City Paper intern Sean McLaughlin gives a brief review of the press release battle among the states gubernatorial candidates over rumors that Charleston will house a few Guantanamo detainees.
Space was limited for the print edition, but I was able to chat briefly about the topic with David Mann, a political science professor at the College of Charleston.
The local Navy brig has housed suspected terrorists in the past and Mann notes that some candidates may be superimposing their own fears after one too many action flicks about prison break-outs and terrorists run amok.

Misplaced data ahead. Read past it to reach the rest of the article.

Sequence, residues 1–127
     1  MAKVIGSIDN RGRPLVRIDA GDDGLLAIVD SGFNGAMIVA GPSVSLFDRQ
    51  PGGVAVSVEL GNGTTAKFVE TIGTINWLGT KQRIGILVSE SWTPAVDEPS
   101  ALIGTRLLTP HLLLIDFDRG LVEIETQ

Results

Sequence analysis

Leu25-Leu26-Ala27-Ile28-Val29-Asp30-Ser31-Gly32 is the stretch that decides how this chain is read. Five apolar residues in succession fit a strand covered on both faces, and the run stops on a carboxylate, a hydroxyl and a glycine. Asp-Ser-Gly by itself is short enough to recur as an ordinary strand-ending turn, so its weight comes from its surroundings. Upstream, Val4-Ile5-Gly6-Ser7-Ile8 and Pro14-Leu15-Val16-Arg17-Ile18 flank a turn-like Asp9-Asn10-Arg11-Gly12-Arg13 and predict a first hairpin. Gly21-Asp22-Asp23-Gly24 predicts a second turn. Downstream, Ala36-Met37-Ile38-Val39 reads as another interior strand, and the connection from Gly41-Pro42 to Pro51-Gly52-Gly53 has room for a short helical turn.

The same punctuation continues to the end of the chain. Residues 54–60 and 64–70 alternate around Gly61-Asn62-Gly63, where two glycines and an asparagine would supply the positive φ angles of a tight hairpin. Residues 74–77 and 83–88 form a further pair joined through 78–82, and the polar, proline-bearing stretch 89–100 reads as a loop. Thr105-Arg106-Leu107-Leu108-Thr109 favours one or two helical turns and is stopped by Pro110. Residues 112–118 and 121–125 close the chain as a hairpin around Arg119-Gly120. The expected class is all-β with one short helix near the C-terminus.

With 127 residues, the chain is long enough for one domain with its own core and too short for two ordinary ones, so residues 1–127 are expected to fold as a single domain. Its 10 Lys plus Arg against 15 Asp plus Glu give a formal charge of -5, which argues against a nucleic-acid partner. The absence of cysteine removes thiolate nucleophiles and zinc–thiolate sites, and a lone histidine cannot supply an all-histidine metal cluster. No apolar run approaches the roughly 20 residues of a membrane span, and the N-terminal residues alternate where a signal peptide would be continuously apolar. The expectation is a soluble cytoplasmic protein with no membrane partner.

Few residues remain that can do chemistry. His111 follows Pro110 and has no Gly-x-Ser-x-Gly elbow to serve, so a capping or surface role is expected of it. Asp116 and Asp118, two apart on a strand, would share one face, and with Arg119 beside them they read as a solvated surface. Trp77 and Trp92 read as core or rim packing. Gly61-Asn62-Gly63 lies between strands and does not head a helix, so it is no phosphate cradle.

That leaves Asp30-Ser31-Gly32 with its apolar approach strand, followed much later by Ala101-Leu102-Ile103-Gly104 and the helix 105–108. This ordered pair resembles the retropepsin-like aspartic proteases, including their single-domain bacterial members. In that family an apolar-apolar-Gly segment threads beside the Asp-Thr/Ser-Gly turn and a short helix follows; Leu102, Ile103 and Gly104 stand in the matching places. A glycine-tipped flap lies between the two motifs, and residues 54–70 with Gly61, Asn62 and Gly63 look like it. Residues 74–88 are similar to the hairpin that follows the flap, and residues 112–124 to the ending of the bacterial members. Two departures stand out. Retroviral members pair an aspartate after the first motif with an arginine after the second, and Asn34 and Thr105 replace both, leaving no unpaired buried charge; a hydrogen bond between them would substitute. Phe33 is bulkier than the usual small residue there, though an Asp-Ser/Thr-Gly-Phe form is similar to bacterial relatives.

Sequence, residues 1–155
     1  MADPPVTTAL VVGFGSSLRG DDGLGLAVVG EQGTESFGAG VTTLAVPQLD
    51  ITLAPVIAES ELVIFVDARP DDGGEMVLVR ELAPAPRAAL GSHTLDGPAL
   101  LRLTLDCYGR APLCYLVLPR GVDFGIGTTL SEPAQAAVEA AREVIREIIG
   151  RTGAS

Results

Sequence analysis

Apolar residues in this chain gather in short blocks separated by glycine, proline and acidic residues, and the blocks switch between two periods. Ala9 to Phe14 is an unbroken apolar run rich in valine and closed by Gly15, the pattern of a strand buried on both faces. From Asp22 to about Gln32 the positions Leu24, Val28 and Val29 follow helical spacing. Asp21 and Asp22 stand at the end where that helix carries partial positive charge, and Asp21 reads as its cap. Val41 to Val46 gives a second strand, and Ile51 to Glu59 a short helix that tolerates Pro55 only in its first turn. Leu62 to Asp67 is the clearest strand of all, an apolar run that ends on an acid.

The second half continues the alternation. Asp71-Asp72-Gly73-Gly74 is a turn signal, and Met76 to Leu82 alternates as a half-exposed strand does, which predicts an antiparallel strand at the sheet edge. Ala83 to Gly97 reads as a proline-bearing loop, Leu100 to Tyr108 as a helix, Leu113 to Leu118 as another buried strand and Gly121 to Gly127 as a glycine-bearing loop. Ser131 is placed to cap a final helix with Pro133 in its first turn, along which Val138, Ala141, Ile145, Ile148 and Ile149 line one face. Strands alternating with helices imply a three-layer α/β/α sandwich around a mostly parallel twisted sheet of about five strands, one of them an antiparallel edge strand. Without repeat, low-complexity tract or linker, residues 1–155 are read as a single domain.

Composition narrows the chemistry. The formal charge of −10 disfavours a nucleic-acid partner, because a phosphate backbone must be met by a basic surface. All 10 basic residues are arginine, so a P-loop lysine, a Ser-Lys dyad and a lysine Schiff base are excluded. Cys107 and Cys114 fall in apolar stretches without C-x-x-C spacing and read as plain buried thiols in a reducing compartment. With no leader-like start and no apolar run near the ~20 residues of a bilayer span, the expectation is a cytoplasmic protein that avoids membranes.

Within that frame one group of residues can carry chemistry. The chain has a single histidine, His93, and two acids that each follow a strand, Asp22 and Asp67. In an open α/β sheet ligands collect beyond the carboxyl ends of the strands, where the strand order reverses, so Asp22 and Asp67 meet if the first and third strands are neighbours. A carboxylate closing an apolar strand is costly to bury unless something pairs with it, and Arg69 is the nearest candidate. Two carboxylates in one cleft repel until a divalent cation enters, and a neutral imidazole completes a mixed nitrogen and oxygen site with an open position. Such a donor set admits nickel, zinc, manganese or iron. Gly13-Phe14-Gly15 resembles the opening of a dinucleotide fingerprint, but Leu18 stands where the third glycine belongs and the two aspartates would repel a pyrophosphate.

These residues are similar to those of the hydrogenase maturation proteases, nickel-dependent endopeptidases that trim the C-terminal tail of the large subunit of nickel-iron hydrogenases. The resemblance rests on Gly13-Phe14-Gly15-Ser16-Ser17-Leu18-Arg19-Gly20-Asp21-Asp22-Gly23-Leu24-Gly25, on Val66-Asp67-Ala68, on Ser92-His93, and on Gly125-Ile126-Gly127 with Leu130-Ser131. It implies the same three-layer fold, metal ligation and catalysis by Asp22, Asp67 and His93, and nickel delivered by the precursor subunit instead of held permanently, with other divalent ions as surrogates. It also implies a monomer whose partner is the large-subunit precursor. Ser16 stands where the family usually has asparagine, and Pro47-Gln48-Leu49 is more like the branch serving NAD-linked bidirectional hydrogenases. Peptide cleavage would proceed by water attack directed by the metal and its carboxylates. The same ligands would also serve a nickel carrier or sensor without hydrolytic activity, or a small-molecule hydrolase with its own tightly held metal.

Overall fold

"This is not a Steven Seagal movie," he says. "They see it on TV, so they believe it can happen."
The issue is likely to fall flat on the campaign trail, at least among Republicans, as several candidates have said they'd oppose the transfers.
"If they all agree, it's not going to be an issue for them," Mann says.
The bigger question is whether the public even cares. There are some cities in the nation that would welcome the additional jobs and business that would come from housing the lot of Guantanamo detainees.